35. Peptic Ulcer Disease


I. Definition

A. A gastrointestinal ulcer is a loss of enteric surface epithelium that extends deeply enough to penetrate the muscularis mucosae.

B. PUD refers to a chronic disorder in which the patient has a lifelong underlying tendency to develop mucosal ulcers at sites that are exposed to peptic juice (i.e., acid and pepsin).

1. The most common locations are the duodenum and the stomach.

2. Ulcers may also occur in the esophagus, jejunum, and ileum, and at gastroenteric anastomoses.

III. Risk factors

A. Highly associated

1. Smoking more than than ½ pack of cigarettes per day

2. Drugs (NSAIDs)

3. Family history

4. Zollinger-Ellison syndrome (condition caused by non–insulin-secreting tumors of the pancreas, which secrete excess amounts of gastrin)

B. Possibly associated

1. Corticosteroids

2. Stress

C. Low association or no association

1. Spices

2. Alcohol

3. Caffeine

4. Acetaminophen

V. Subjective findings

A. Duodenal ulcers

1. Epigastric pain (“gnawing,” “aching,” “hunger-like”) occurs 1 to 3 hours after eating. The pain is rhythmic and periodic.

2. Nocturnal pain that awakens a patient from sleep

3. Usually relieved by antacid or food ingestion

4. Heartburn (suggests reflux disease)

5. Epigastric tenderness: usually midline or right of midline

B. Gastric ulcers

1. Epigastric pain similar to that associated with duodenal ulcers and also rhythmic and periodic

2. Pain is not usually relieved by food.

3. Food may precipitate symptoms.

4. Nausea and anorexia

VI. Physical findings

A. Often unremarkable

B. Patient may have epigastric tenderness.

1. At or to the left of the midline with gastric ulcer

2. Located 1 inch or farther to the right of midline with duodenal ulcer

C. Signs and symptoms of shock from acute or chronic blood loss

D. Nausea and vomiting if the pyloric channel is obstructed

E. Boardlike abdomen and rebound tenderness in the event of perforation

F. Hematemesis or melena if the ulcer is bleeding

VIII. Diagnostics

A. Upper GI barium studies

1. For uncomplicated dyspepsia

2. Those diagnosed with gastric ulcers should undergo endoscopy after 8 to 12 weeks of treatment to distinguish benign from malignant ulcers.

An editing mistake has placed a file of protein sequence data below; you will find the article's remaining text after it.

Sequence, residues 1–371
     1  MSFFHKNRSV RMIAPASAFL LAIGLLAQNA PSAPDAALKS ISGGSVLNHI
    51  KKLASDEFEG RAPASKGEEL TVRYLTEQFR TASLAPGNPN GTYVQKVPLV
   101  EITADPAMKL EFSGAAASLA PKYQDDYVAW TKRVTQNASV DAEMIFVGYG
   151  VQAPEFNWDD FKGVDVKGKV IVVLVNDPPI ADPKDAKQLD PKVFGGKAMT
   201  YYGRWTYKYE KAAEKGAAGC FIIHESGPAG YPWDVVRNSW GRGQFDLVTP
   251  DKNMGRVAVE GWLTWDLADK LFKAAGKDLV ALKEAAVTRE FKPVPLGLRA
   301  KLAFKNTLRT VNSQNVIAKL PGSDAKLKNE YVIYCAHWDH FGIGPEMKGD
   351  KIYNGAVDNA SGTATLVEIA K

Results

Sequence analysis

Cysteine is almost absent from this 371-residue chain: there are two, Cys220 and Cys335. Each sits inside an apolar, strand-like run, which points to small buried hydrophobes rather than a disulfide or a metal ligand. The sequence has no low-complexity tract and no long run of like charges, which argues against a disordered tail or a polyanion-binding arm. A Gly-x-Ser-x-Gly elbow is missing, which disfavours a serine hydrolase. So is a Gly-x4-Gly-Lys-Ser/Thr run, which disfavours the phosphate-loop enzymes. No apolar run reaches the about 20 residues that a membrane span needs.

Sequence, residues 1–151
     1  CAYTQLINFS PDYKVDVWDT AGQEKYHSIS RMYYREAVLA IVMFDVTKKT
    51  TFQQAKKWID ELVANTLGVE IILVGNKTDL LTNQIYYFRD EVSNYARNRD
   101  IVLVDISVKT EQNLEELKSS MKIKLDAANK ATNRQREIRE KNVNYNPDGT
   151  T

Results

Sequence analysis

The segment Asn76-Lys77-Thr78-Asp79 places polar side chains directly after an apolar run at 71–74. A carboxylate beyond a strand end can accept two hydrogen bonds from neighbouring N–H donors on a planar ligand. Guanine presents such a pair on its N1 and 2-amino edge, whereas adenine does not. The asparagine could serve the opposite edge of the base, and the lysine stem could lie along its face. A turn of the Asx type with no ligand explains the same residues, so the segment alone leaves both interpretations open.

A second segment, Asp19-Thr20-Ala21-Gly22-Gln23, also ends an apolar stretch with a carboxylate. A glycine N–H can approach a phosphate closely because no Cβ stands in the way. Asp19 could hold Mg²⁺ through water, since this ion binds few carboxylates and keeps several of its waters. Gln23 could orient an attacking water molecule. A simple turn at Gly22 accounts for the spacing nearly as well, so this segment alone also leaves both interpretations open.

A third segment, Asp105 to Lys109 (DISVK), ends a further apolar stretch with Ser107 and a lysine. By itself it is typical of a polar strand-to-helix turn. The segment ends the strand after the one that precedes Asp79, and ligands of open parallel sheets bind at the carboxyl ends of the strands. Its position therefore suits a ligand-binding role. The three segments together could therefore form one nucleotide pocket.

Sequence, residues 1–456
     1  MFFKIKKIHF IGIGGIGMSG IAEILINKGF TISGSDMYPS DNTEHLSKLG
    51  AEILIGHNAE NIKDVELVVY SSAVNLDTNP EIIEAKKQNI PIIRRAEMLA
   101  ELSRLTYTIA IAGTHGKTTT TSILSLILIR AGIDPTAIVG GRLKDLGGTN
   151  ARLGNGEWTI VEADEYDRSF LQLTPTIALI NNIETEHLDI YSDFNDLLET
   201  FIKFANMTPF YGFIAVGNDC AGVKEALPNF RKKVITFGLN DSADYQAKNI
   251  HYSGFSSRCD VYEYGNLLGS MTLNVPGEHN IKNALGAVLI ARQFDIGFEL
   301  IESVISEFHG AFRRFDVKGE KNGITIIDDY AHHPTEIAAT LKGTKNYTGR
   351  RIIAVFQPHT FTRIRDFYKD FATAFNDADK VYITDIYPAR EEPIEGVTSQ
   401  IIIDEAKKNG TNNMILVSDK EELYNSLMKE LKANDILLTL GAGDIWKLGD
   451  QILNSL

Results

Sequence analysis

B. Endoscopy

1. Highest accuracy rate (90% to 95%)

2. Identifies superficial and very small ulcers

3. Biopsy may be performed.

4. Electrocautery of any bleeding ulcers can be carried out.

5. Gastric pH can be measured in suspected gastrinoma.

6. Esophagitis, gastritis, or duodenitis can be diagnosed.

7. H. pylori can be detected.

8. Higher cost than barium studies

IX. Complications of PUD

A. GI bleeding (20% of cases)

1. Clinical manifestations

a. Hematemesis

b. Melena

c. Hematochezia

d. “Coffee ground” emesis

2. Physical examination

a. Pallor

b. Tachycardia

c. Hypotension

d. Diaphoresis

3. Laboratory findings

a. Decreased hematocrit due to bleeding or hemodilution from IV fluids

b. BUN may rise owing to absorption of blood nitrogen from the small intestine and as the result of prerenal azotemia.

4. Diagnostics: endoscopy after the patient has stabilized

5. Management

a. In approximately 80% of cases, bleeding stops spontaneously within a few hours after admission to the hospital.

b. IV hydration with normal saline

c. Blood transfusion as required

d. Continuous IV infusion of H2 blockers at a dose adequate to maintain gastric pH above 4

e. Vasopressin (Pitressin) and IV octreotide (Sandostatin) should not be used for bleeding ulcers.

f. Surgery if bleeding persists

Mar 3, 2017 | Posted by in NURSING | Comments Off on 35. Peptic Ulcer Disease

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